Huawei Smartphones to “Maintain Stability”

The specially developed new devises allow law enforcement officers to access databases of citizens using facial recognition and other biometric data
June 6, 2019 Updated: June 6, 2019

Reproduced from Bitter Winter: A magazine on religious liberty and human rights in china

The new jingwutong (literally, police affairs and communications) smartphone for law enforcement was specifically developed by the First Research Institute of the Ministry of Public Security based on Huawei Mate10/10Pro hardware. It is equipped with a dual system: One is a conventional system used by police officers in everyday life; the other one is made to access the internal public security database. Not only can the two systems run securely and independently, but can be switched from one to the other with a single click. Thanks to the effective facial recognition and other biometric features installed on the phone, officers can photograph people or take their fingerprints and access their information from the database.

A document detailing the issuance and use of Huawei smartphones in a city in Hebei Province indicates that for security and confidentiality purposes, the phones are equipped with matching security authentication cards (securely encrypted TransFlash cards or mobile police digital certificates). All police officers who receive the phones must sign a confidentiality agreement, which prohibits them from lending them others, disassembling them or sending them for repairs, as well as disclosing any information about them to outsiders. Any of the above offenses are punishable as the leaking of secret information.

Starting from the end of 2018, public security institutions in multiple regions of China carried out unified procurement of these smartphones and organized special phone distribution and training sessions for officers. Successive ceremonies to distribute 6,000 Huawei’s smartphones were held throughout Shantou City in southeastern China’s Guangdong Province in December.

“In the past, the government also procured ZTE, Coolpad, and other cellphones, but since 2017, they have basically only procured from Huawei,” said a public security officer from northern China’s Hebei Province. He added that because of the built-in search software on the new Huawei phone, all information on every person—from an infant who was born 28 days ago and just received a birth certificate—is accessible to officers through the public security big data platform, where the authorities have been extensively collecting information over the past few years.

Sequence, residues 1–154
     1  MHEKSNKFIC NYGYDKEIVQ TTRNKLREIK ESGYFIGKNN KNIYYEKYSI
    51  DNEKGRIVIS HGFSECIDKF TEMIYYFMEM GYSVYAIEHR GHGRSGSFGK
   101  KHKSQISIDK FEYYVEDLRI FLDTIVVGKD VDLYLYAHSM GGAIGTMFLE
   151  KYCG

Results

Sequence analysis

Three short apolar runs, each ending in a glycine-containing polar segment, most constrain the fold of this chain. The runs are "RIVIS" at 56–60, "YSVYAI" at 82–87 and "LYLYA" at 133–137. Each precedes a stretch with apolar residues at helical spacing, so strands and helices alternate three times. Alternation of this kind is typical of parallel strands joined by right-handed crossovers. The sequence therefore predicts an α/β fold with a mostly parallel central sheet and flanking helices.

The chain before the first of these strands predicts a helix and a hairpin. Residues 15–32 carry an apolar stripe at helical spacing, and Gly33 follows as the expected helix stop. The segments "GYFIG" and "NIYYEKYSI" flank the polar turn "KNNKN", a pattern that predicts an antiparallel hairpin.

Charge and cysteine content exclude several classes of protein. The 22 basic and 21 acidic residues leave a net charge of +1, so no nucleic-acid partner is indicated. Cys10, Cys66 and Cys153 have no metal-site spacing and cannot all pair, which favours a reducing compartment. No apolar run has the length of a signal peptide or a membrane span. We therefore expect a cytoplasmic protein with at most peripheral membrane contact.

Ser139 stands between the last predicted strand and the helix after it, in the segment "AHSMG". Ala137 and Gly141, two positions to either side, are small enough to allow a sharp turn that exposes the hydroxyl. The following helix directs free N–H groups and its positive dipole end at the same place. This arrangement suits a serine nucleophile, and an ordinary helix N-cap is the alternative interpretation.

“No matter how much suspicious persons have altered their appearance, as soon as their eyes are exposed, within two minutes after their photo is taken, the officer can view the person’s home address, name, age, height, occupation, family members, their crime record, and even at which hotels they have previously stayed. As soon as their identity is determined, the officer can arrest the individual immediately,” the officer expanded on the smartphone features.

The police station where this officer works is demanding its personnel to use the smartphone to ascertain the information on anyone suspicious. Among them are Uyghurs that are often regarded as terrorists and placed under supervision, some religious groups designated as xie jiao and included among the primary targets of “cleaning up gang crime and eliminating evil campaign,” or rights activists accused as being “dark and evil forces.”

One house church Christian told Bitter Winter that when he was arrested at a meeting venue last year, it was precisely this kind of device that the police used to access his information from the public security system by entering his full name.

The Huawei phone can also be used to access information on cars and electric vehicles. A police officer in Hangzhou City in the eastern province of Zhejiang told Bitter Winter that when getting a license plate for an electric vehicle, owners must provide their ID cards and are photographed together with the vehicle, with a backup copy of the photo stored in a database. As soon as a license plate is scanned using the police smartphone, all information belonging to the registered person will be displayed on the device.

Similar to the mobile app “Xi Study Strong Nation,” some local authorities have even designed a feature for accumulating points on the Huawei smartphones encouraging police officers to acquaint themselves with this high-tech equipment better as soon as possible. The more times they use it, the more points they will accumulate. For instance, if a police officer uses it to check a person’s ID information or a vehicle, he/she will receive two points. The same amount of points is rewarded to each comment on a special police discussion platform accessed through the phone. Officers with the highest score are commended and rewarded. In contrast, in cases where information was leaked using a mobile police terminal, those responsible will face punishment.

China has created the most pervasive surveillance system in the world, by using high-tech technologies and systems that employ advanced Artificial Intelligence to process and analyze massive amounts of data collected from facial recognition, DNA sampling, biometrics, GPS, ubiquitous, high-resolution CCTV cameras, intrusive mobile phone apps, desktop computer software, smart TVs, and drones.

By Yang Xiangwen

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